Change perspective! How mental models help to design user-friendly products.

Mental models are a key concept of modern user experience design. In this article we want to explore mental models for digital product development.
Nicole Reinhold
Nicole Reinhold
Miriam Schmalen
Miriam Schmalen

Perception of reality and how things work

Let’s start with defining what mental models actually are. A mental model is a cognitive construct built on past experiences and beliefs. It is a prediction of the reaction of a system to a performed action. Through the habitual use of the high number of products that exist today, a user’s brain develops mental models for how products work. Users will transfer experiences they have built around one familiar product to another that appears similar. 

For example: If I click on the “envelope button” of the website, a contact form will appear. It is important to note is that a mental model is the perception of how things work and not necessarily how they work. Mental models can vary from stakeholder to stakeholder and very often they are not really verbalized or formalized. They are so to say what everybody somehow knows but rarely talks about. Mental Models can change over time through education and training.

They are in flux and offer therefore a vehicle for change.

When mental models clash

Mental models are often very similar in groups of users who deal with similar topics or have a similar level of experience in a field such as ‘supermarket shoppers with small kids', ‘e-commerce shoppers’, ‘technicians’, ‘marketing people’ and so forth. Further, one of usability's most present and much discussed dilemma is the gap between designers' (marketers, business owners and so forth) and users' mental models. 

We want to integrate a different and very relevant mental model, which is able to influence design processes significantly: the businesses/ brands mental model. In our strategic work we frequently realize that the ‘internal’ business perspective (driven by business goals) and the ‘external’ user/customer perspective (need-oriented) are something completely different. These different ‘frames of reality’, contradictory perceptions and beliefs, result in different mental models. A clash for each usability.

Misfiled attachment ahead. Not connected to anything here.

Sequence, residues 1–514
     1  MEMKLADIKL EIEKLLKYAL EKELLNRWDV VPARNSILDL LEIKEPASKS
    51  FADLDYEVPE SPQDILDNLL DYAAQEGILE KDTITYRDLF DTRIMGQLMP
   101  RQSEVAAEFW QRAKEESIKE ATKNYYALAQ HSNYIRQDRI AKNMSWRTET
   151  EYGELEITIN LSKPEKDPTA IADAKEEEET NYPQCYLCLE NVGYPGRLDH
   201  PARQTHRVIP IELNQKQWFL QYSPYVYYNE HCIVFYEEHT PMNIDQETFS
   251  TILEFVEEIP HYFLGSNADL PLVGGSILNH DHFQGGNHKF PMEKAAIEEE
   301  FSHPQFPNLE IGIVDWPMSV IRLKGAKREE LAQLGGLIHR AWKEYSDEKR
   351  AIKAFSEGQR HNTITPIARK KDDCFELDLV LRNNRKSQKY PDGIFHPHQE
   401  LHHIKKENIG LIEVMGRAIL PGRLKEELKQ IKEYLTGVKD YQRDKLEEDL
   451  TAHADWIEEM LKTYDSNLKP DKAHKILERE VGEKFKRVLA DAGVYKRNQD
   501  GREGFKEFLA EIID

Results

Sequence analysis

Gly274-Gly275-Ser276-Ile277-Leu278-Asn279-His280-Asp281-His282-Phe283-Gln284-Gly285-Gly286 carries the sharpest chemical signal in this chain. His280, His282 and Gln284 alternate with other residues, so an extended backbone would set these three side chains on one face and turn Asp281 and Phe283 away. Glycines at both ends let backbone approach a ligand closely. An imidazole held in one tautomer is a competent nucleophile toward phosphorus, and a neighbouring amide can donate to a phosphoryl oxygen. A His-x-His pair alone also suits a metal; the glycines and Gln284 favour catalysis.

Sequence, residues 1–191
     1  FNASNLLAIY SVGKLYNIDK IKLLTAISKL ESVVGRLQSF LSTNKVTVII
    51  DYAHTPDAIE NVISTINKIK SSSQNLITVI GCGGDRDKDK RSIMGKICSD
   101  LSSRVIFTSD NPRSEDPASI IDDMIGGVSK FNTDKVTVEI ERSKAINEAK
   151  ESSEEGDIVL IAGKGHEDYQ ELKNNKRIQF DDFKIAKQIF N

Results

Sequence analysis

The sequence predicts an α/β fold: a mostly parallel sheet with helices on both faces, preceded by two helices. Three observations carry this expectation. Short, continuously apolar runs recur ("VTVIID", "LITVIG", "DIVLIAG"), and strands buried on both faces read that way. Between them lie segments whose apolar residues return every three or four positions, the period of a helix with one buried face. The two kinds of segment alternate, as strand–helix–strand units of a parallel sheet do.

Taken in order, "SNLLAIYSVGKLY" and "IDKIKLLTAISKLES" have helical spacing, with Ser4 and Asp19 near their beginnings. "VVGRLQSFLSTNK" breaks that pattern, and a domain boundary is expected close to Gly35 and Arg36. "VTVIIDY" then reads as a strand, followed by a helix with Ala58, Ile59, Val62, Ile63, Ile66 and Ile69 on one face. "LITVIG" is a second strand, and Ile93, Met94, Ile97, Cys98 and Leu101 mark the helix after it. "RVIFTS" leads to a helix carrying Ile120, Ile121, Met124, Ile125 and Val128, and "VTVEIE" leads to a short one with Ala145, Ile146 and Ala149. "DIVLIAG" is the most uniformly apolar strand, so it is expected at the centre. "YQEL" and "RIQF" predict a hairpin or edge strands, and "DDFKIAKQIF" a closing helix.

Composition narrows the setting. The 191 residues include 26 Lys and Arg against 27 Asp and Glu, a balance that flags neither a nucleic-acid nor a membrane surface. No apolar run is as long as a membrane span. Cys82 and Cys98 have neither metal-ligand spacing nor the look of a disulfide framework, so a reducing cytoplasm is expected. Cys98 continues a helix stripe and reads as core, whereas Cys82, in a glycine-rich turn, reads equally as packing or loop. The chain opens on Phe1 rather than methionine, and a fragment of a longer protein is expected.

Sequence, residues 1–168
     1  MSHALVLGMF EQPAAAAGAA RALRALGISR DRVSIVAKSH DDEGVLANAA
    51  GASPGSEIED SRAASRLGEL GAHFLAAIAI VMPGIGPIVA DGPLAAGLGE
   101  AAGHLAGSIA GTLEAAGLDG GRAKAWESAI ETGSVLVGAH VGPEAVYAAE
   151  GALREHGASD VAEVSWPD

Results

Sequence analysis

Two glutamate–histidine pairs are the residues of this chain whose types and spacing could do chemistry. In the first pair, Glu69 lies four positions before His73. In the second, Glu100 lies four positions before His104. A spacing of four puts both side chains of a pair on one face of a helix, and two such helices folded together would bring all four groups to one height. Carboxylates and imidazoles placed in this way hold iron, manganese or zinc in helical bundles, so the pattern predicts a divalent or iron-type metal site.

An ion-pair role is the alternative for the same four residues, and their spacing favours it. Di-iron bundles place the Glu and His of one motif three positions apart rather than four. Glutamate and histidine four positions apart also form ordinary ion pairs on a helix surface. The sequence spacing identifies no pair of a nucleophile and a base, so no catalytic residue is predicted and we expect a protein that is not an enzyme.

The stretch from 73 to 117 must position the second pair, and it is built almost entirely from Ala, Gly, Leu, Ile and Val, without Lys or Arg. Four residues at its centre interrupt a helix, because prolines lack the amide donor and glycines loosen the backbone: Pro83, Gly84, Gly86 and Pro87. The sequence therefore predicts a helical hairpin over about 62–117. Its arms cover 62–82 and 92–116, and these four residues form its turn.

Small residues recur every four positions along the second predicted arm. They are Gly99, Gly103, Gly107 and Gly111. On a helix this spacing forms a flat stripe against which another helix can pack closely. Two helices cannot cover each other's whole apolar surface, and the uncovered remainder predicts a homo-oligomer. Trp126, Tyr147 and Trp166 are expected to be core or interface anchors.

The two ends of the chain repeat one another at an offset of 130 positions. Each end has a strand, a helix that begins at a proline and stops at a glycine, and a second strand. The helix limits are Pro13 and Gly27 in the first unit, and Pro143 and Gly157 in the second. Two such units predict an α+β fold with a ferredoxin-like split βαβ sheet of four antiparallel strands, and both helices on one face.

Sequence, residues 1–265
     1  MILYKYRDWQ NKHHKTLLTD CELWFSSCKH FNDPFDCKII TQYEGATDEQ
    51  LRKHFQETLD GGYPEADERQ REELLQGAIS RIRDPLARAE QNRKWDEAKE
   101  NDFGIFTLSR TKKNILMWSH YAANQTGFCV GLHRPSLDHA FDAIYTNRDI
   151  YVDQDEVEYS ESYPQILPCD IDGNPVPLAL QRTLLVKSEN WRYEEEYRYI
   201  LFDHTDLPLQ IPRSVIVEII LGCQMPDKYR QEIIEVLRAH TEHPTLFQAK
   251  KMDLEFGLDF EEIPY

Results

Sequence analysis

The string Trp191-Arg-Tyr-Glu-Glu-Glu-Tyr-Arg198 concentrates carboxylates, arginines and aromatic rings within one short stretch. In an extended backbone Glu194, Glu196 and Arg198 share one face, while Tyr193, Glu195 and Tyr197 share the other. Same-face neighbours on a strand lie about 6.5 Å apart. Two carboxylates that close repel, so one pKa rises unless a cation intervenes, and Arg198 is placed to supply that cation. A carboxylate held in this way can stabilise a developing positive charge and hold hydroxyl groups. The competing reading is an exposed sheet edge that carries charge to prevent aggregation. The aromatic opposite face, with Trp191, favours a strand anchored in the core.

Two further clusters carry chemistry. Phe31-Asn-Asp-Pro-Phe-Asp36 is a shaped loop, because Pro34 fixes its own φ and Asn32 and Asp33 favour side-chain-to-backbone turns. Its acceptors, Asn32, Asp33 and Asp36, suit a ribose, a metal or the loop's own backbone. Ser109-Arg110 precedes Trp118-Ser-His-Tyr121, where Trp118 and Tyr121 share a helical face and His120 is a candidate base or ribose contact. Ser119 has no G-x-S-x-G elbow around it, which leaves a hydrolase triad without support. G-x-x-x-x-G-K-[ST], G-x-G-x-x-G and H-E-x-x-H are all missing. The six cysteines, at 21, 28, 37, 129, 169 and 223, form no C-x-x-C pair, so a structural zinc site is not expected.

Instead of fighting these different mental models we want to acknowledge them and at the same time encourage the business and client users to take on the perspective of the other side. We need to know both perspectives in order to be able to be customer-centric. This does not mean giving up the company/employee point of view, but it is important to learn how it is connected or disconnected from the perspective of the user.

For example, for both stakeholder groups ‘brand’ has a place in their mental model. However, ‘brand’ is positioned in contrary order of priority. That means that the context and importance of ‘brand’ is for users and businesses quite different. The goal is to link the customer’s mental models to content strategy so that the customer sees in his path through the sales funnel relevant content.

A business case: avoiding usability problems with the help of mental models

Exploring mental models by research:
To make the topic easier to understand, we would like to introduce a business case from the beauty & cosmetic industry. Our task was to develop an appealing website, which works smoothly and intuitively with relevant content for cosmetic products and treatments. Here we tapped into mental models through user research. With the “thinking aloud” UX testing method, users verbalize their expectations and questions while scrolling the client’s website. Through this research, we were able to determine users’ thought structures, and thus their mental models.

Designing on the foundation of mental models:

In the first step mental models help us to identify relevant topics: questions that we should definitely answer and concerns that we can thus debunk. This knowledge helps us to evaluate, optimize, and structure existing content – in the form of a content inventory.

In a second step mental models help us to discuss the hierarchy of content and its infrastructure. Card sorting is a useful way to discover users' mental model of information architecture (=hierarchy) so that UX designers can structure and design your content and the navigation (=infrastructure) accordingly.

In the following example, we open up both perspectives on the topic: that of the business (internally), and that of the customer (externally). We provide insight into relevant content (here: relevant topics) and the infrastructure (here: website menu) for both sides. The list of “relevant topics” shows the hierarchization of topics in customers’ / businesses’ thought processes.